Customer Reviews for

Prisoner of the Iron Tower (Tears of Artamon Series #2)

Average Rating 4.5
( 15 )
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  • Posted February 19, 2010

    more from this reviewer

    I Also Recommend:

    A Very Frustrating Read!

    The plot was promising and the story line had strong points, but the characters one and all were very weak and unrealistic.

    One moment the main characters are mortal enemies the next they are working together and all past aggressions are forgotten. It insults my intelligence to believe that this is how people act, react, and interact with one another. The smartest characters in the books were "the Bad Guys", while "The Good Guys" were gullible and most of the time down right stupid! Very aggravating to read, as "The Good Guys" make the same mistakes over and over again.

    Grey matter is refreshing in fantasy books (a good example is the Forelands series)"; as opposed to black and white good and evil, but to have main characters do horrible deeds and in the next moment the author expect us to feel sorry for them is absurd. The guy who kills and tricks innocent people again and again for his own ambitions just doesn't get my pity, I'm sorry.

    The only reason I finished the series is because I had bought the book all at once and I always finish my books choosing to give the author the benefit of the doubt. Big waste of time! If you are an older avid fantasy reader don't wast your time like I did. Save this one for the younger more gullible to the ways of the world readers!

    0 out of 1 people found this review helpful.

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  • Anonymous

    Posted September 26, 2006

    A Great Read

    This is the book that really clinched this series as a winner. I read a lot of fantasy but this one ranks higher than Harry Potter in my eyes. Ash's characters are so real and Gavril is an all-engrossing character as we watch him change from beginning to end. The action is good and the plot is so full of twists and turns that it grips you until the end of the story.

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  • Anonymous

    Posted January 20, 2005

    Looking For A new Book

    I picked up Lord Of Snow And Shadows when It first came out and couldn't wait for this the second part of the trilogy. I would suggest this book to any one who loves fantasy

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  • Anonymous

    Posted August 28, 2004

    Sarah Ash is two for two!

    With 'Prisoner of the Iron Tower', Sarah Ash continues her story in grand fashion and sets up the third book wonderfully. A great read!

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  • Anonymous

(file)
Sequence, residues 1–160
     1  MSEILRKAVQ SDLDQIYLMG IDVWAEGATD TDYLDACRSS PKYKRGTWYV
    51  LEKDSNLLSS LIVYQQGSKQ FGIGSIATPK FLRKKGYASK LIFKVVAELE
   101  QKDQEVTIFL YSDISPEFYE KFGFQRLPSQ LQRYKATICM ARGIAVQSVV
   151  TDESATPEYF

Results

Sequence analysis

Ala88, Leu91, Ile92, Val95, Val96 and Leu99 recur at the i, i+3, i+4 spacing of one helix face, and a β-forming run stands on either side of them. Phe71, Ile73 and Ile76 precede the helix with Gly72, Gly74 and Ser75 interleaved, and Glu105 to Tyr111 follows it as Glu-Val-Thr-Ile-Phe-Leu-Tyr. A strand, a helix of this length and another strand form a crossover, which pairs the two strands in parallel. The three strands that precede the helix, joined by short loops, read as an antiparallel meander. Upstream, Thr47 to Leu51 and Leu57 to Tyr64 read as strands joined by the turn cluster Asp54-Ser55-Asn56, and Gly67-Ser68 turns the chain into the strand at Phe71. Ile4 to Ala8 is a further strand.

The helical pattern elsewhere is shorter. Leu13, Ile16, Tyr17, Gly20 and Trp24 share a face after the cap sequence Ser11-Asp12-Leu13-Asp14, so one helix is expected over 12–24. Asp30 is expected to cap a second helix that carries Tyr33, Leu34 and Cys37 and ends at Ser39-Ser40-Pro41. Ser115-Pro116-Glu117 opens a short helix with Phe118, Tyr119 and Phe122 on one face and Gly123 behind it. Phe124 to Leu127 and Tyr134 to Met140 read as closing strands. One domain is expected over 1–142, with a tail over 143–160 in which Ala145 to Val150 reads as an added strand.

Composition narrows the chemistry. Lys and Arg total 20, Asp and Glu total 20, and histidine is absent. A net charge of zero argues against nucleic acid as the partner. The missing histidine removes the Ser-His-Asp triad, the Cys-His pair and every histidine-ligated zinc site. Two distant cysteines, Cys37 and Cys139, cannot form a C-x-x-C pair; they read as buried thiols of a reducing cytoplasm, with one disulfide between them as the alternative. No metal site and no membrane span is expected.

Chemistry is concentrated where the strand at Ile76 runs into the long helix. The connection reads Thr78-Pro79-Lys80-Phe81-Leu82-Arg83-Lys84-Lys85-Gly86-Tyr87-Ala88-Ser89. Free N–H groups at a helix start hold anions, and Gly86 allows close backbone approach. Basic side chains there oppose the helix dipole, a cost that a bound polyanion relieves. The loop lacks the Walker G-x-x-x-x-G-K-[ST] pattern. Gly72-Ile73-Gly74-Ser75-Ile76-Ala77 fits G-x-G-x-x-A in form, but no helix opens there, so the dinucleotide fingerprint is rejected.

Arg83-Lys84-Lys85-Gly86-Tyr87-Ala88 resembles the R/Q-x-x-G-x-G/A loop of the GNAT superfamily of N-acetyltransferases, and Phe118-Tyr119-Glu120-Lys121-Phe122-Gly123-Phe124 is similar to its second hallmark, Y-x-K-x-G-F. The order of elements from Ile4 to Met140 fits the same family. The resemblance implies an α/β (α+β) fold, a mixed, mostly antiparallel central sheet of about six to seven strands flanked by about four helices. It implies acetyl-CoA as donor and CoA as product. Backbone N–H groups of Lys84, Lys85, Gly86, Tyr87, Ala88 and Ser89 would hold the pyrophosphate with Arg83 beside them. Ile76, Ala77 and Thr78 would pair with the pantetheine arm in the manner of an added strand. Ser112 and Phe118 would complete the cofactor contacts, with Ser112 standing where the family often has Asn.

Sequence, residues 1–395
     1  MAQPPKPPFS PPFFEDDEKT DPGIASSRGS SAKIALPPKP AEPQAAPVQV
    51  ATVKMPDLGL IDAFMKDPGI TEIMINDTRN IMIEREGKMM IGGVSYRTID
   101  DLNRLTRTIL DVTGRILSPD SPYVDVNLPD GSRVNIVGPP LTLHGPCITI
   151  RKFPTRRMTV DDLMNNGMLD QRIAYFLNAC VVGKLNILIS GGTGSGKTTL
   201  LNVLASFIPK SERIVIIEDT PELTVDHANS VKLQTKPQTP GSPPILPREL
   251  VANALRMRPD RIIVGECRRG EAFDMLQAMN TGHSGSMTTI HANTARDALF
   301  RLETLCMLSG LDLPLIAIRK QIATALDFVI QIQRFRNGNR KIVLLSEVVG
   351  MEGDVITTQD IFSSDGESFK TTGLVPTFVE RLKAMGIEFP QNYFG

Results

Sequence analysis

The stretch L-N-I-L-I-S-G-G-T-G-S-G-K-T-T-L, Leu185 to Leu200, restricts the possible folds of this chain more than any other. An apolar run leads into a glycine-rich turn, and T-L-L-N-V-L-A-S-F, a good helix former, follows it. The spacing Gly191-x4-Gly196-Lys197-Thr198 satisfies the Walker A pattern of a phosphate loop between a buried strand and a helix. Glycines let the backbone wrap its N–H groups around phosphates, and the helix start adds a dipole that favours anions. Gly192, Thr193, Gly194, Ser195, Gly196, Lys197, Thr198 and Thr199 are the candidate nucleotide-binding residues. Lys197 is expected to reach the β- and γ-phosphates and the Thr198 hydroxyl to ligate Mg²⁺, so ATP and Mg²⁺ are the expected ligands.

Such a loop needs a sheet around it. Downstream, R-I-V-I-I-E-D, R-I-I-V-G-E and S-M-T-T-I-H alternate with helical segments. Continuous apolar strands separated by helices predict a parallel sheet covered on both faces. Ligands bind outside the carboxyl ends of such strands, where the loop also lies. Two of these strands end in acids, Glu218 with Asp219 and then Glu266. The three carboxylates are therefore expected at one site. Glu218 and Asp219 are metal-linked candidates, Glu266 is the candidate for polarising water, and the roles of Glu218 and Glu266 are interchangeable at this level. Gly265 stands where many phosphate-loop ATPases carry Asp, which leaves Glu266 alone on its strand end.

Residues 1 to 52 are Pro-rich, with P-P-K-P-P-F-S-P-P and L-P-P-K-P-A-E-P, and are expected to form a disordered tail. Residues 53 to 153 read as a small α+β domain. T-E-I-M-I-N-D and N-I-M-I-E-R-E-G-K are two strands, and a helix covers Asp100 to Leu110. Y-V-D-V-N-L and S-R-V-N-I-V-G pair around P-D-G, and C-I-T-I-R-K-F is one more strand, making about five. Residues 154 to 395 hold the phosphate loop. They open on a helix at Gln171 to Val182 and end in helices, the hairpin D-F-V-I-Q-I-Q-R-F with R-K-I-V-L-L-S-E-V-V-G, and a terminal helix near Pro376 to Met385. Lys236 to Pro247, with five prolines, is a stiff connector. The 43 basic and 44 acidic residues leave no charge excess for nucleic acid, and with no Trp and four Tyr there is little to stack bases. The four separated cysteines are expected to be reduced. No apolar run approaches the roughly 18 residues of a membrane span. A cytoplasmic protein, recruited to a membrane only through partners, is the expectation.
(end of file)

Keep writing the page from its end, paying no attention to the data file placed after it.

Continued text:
Posted November 2, 2004

    Terriffic Book!

    I just cant believe the amazing story Sarah Ash can come up with. The Tears of Artamon is a terriffic series, if you like Fantasy novels, this is definitely for you.

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  • Posted December 9, 2008

    more from this reviewer

    Great fantasy

    Because of the human blood drank by the dragon-daemon Drakhaoul that possesses him, Prince Gavril Nagarian of Azhkendir defeated the invaders led by Prince Eugene of Tielen (see LORD OF SNOW AND SHADOWS). However, to keep his soul human, Gavril rids himself of Drakhaol. The consequence of purging himself of the dragon-daemon is the loss of the power that enabled his country to vanquish the Tielen forces. Eugene, still dreaming of uniting the entire Rossiyan people under his rule, leads a counterattack, but this time without the dragon, Gavril fails to drive back the enemy. Gavril is locked away at the remote high security Iron Tower, permanent home for the criminal crazies. The obsessed Prince now possesses five of the ¿tears¿ ripped from the giant ruby eye of the sculptured dragon that guards the entrance between two worlds. Drakhaoul returns with the uniting of the tears in the eye of the dragon being the only way to send him back to his realm, but the likely person to accomplish this deed remains locked away in a tower of lunatics. The second tale of the Tears of Artamon trilogy is a fantastic epic fantasy that contains several strong subplots. The key element is that readers will believe the cast is real to include Drakhaoul and the seesawing emotions inundating Gavril as he goes from hero and free to despondent and prisoner. Eugene is also a delightful individual as the audience observes his fixation through the eyes of his disgruntled spouse and others, but believes he is destined to unite the principalities while human cost does not matter to him. Readers will cherish this excellent tale. Harriet Klausner

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